The Accuracy of Pulmonary Angiography in Assessing Resolution of Experimental Thromboemboli
Quantification of pulmonary emboli has become important in assessing the results of thrombolytic therapy and in following the natural history of thromboemboli. This study evaluated angiography as a quantitative procedure by comparing sequential changes in emboli of known size and weight with alterations on angiograms.
Twenty-four aged thrombi formed in vivo were embolized intact into 12 recipient dogs. Serial angiograms showed the location of each thrombus and allowed evaluation of its changes. Urokinase was administered to some animals to produce a spectrum of lysis.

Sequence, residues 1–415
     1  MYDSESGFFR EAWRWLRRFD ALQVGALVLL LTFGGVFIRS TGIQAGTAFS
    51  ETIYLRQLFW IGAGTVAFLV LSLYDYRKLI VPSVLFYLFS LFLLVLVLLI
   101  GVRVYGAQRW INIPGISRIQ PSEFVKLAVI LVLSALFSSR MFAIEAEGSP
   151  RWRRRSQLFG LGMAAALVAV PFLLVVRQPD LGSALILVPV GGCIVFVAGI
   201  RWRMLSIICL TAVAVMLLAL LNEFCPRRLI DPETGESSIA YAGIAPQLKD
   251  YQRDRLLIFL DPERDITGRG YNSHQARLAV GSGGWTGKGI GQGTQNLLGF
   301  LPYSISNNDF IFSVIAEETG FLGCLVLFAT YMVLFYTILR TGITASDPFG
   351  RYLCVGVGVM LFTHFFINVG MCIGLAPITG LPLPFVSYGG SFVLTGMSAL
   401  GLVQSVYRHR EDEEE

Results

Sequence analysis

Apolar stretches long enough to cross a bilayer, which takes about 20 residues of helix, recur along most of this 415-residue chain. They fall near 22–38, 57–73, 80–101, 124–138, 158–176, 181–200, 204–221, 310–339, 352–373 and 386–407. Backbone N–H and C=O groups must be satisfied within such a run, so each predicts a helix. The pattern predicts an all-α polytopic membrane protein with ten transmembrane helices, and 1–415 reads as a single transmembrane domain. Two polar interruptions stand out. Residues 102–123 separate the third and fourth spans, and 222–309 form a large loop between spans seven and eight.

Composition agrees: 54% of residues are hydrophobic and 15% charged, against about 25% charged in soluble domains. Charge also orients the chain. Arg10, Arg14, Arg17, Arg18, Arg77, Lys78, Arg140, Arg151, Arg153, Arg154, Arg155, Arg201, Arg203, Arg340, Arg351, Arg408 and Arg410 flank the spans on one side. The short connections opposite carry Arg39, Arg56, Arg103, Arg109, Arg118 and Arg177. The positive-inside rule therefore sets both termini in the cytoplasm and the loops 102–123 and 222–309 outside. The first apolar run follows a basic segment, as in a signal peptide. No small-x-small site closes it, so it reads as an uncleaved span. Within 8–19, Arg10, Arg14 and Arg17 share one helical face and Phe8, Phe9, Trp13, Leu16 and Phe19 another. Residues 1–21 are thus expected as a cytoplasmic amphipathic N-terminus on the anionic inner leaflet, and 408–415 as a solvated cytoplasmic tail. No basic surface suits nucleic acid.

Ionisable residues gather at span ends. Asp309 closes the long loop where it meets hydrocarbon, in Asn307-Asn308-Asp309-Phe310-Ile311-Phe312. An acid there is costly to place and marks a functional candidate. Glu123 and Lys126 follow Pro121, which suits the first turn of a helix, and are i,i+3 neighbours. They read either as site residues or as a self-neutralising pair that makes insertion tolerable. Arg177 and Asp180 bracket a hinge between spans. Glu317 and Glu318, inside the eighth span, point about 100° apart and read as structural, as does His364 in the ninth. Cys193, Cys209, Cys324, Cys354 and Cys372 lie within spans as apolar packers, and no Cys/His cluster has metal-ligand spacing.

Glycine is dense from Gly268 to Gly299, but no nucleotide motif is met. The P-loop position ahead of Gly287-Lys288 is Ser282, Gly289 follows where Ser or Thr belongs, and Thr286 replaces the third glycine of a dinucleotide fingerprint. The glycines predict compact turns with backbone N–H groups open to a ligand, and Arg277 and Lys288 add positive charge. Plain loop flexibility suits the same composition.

Quantification proved accurate when thrombolysis exceeded 80%. When less, angiograms over or underestimated lysis in 11 of 18 instances (61%). Postmortem dissection suggested four reasons for these discrepancies: (1) downstream movement impacted emboli and increased obstruction; (2) coiling of an embolus compromised more vessel area and increased obstruction; (3) circumferential flow of contrast material obscured some emboli; and (4) second emboli redistributed flow to an area with prior embolus, producing apparent improvement.
These data suggest that quantifying changes in emboli by angiography are frequently misleading when less than 80% lysis occurs. The discrepancy, when present, usually results in overestimation of the amount of embolus remaining.
- Received August 22, 1969.
- Accepted September 10, 1969.
- © 1970 American Heart Association, Inc.